Shop With A Cop - Page Style

December 15, 2018

 

Each December, police, fire, and other emergency service departments around the country don a completely different role. Rather than chasing down bad guys, putting out fires, or going to accidents, they get together and take children to a local store to go shopping for Christmas presents. 

 

It's all part of an annual event called "Shop With A Cop". 

 

Each child gets a certain amount of money that was raised through community donations to spend on whatever they want; marking off items on their Christmas lists. Often times the kids will choose to also get something for a sibling or cousin. 

 

The goal of Shop With A Cop is to breakdown the barriers between emergency services and the younger generations, with the hopes of building stronger relationships between them and the community.

 

The benefit of living in a small community does have its perks.

 

In Page, this year's event started before the sun began to rise on Saturday morning. At 6am,  

tired parents with enthusiastic kids in tow started arriving at the Page Public Safety Facility. The kids were provided name tags and colored ribbons to indicate who they are and what they had chosen to eat; breakfast is donated every year by Jack-in-the-Box. They were then partnered with officers from the Page Police Department, the National Park Service, the Coconino County Sheriff's Department, the Navajo Nation Police Department, Arizona DPS, and firefighters from the Page Fire Department. While waiting for everyone to be checked in and partnered up, the kids were provided with a quick energy making snack: donuts and

orange juice.

 Here in Page, the kids are able to ride in emergency vehicles on their way through town while they head toward Walmart. While in the vehicles, the kids are able to control both the sirens and the lights as the convoy of vehicles parades down North Lake Powell Blvd. on their way to meet Santa and pick out their presents. 

 

This year there were 98 children who were able to participate, the largest number Page has seen to-date. Through the donations, each child was able to spend $100 (including tax) on presents. 

 

When they arrived,

the entire group stood in front of Walmart to get a group picture, then the floodgates were opened. There were smiles, laughter, and an infectious happiness that radiated from the group. LPNN followed the boisterous group around while they did their shopping. After getting their carts, the stream of kids, which according to one LPNN viewer was reminiscent of a Black Friday invasion, headed straight to the toy section. No toy below the top shelf was safe.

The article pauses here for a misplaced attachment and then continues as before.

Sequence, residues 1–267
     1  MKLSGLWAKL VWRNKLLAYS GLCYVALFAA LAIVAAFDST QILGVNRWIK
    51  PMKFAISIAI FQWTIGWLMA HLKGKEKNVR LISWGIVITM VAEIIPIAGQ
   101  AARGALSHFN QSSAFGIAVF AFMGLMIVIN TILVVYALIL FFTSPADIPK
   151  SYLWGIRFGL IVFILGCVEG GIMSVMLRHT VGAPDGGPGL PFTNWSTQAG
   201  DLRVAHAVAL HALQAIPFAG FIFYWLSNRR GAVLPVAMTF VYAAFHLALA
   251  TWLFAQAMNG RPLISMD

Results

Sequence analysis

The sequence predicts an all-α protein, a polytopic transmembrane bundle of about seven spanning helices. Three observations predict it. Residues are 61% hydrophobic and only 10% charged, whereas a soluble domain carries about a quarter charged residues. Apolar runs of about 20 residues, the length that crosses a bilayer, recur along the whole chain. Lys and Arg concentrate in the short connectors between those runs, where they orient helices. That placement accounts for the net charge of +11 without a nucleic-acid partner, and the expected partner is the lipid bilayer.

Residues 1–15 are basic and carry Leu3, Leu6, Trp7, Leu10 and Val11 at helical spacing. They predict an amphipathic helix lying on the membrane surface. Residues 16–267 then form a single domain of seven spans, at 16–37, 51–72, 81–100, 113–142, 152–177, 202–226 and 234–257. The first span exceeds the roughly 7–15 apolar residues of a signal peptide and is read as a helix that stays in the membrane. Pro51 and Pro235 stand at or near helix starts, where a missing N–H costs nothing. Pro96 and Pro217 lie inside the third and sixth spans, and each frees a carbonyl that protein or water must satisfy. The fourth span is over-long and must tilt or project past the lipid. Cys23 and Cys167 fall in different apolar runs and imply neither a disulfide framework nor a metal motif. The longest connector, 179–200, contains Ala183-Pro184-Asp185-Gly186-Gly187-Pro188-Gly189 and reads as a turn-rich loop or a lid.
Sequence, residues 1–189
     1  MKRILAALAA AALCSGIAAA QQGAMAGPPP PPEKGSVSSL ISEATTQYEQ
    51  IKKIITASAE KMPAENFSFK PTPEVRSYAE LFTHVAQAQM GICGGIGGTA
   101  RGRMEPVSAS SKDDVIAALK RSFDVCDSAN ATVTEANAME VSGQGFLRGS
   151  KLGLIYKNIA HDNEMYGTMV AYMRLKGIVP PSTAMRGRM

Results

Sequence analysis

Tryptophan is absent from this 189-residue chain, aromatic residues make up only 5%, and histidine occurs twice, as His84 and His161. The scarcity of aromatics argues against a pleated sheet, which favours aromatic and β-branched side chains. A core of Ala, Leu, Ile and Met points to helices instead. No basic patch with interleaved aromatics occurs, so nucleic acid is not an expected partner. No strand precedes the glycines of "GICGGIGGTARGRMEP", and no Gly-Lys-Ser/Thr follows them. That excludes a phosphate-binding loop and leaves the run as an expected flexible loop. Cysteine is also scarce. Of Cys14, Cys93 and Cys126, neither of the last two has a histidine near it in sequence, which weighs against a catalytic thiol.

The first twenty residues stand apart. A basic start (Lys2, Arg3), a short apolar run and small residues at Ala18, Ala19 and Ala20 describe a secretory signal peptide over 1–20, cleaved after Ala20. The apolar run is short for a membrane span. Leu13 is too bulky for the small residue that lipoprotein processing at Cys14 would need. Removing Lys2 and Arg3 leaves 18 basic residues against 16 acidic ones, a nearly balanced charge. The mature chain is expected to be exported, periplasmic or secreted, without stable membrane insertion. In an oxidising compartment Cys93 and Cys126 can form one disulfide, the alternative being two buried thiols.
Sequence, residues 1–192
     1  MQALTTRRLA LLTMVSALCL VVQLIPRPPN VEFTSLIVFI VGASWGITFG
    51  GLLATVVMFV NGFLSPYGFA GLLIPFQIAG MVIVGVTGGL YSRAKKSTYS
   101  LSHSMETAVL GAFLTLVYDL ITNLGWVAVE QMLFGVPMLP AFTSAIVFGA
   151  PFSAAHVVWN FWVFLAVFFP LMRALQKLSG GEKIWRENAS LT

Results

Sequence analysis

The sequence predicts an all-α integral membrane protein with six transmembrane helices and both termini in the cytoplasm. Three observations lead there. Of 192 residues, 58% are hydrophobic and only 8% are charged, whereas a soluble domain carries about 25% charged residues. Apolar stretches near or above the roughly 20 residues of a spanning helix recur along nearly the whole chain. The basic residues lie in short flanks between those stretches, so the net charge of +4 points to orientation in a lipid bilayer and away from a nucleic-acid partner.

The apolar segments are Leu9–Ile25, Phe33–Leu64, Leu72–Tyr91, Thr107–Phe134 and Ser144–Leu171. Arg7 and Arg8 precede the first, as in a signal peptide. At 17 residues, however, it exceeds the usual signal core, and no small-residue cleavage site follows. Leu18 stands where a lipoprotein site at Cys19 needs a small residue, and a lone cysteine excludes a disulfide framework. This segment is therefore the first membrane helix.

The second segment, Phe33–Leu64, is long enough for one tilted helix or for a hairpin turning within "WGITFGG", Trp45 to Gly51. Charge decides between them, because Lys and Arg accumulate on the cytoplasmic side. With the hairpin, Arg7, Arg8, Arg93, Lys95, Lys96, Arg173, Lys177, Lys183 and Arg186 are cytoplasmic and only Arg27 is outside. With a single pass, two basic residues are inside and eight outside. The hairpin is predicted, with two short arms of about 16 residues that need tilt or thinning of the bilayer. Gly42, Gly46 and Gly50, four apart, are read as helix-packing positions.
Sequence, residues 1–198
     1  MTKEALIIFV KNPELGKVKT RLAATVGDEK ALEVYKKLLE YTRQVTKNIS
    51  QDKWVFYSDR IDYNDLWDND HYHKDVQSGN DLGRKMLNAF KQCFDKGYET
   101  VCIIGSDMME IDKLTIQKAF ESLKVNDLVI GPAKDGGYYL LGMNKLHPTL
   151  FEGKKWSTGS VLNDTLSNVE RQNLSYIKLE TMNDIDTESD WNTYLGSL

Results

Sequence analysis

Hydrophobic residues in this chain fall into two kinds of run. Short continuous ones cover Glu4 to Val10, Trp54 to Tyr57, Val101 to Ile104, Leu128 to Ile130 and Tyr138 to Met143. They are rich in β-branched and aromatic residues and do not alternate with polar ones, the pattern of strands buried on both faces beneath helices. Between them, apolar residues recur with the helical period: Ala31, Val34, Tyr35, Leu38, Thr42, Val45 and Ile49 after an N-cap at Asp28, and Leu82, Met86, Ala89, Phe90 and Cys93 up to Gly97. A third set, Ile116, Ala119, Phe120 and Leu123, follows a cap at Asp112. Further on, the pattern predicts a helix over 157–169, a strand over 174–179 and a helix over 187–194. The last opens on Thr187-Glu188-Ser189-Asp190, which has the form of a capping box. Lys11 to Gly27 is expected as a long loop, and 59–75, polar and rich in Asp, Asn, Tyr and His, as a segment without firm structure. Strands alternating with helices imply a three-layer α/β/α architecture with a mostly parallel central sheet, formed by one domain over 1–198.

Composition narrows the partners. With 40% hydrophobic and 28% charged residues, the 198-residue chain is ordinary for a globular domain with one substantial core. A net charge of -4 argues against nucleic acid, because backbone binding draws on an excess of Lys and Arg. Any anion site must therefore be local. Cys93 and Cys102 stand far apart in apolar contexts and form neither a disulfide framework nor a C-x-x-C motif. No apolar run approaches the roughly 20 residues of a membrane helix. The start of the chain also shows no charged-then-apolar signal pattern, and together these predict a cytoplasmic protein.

As the kids started filling up their shopping carts, many began receiving lessons in how money works. There were looks of shock when they found out they were already out of money with just a handful of items. The assigned personnel were able to use these as teaching opportunities, explaining to the kids that they could begin checking out, or they could put a toy back and get more toys that were not as expensive. Many happily chose to put a toy back and get more smaller toys.

 

Carts were being filled with books, Legos, Horses, Nerf Guns, military vehicles, tablets, Shopkins, board games, radio controlled vehicles, Fortnite action figures, Barbie dolls, and more.

 

One rather enthusiastic girl told LPNN very energetically "we've got two carts now!" She skipped away singing "shop with a cop" in a tune she had made up. 

 

When asked if he was certain about a certain gift, one boy said rather fervently to his assigned officer "yep! I don't care. I really like these instead." 

 

As a group was heading out, there were Walmart greeters at the door. One particular young lady thanked them and wished them a "merry merry Christmas." When one of the greeters asked if she had fun, the young girl couldn't speak a word but was only able to respond through wide eyes, a grin to match, and a nodding of the head that looked like she was a bobble-head doll.

 

Once the kids were done with their shopping, they then headed to breakfast at Jack-in-the-Box.

 

After re-fueling, the kids headed back to the Public Safety Facility where they wrapped their gifts and waited to be picked up.

 

 

If you missed all the smiles and fun, you can check out our live coverage of this year's Shop With A Cop event here.

 

 

This year's sponsors and donors were (in alphabetic order):

  • Boston's Ace Hardware

  • Dennis R. Robinson

  • Dixie Ellis' Lower Antelope Canyon Tours

  • Escalante Jeep Tours

  • Greenehaven Development Corp. 

  • Gunsight Realty

  • Jack-in-the-Box, Page Az.

  • Jaret Edwards

  • Karen Devonshire

  • Lake Powell Furniture

  • Page Elks Lodge

  • Page Lake Powell Ford

  • Page Steel

  • Sacred Mountain Medical Services

  • Susan Eubanks

  • T.M. & Darlene Van Hemelryck

  • Terry Shores

  • Transport Towing

  • Walmart, Page Az.

Donations are accepted year-round for this event.

If you are wanting to donate for next year, you can send a check to the Page Police Department at

PO Box 3005 

Page, AZ 86040

Attention Sandi Klain 

 

Checks can be made payable to "Shop with a Cop" 

 

If you would like to find out how you can donate in other ways, contact Sandi Klain at the Page Police Department at 928-645-2463. 

 

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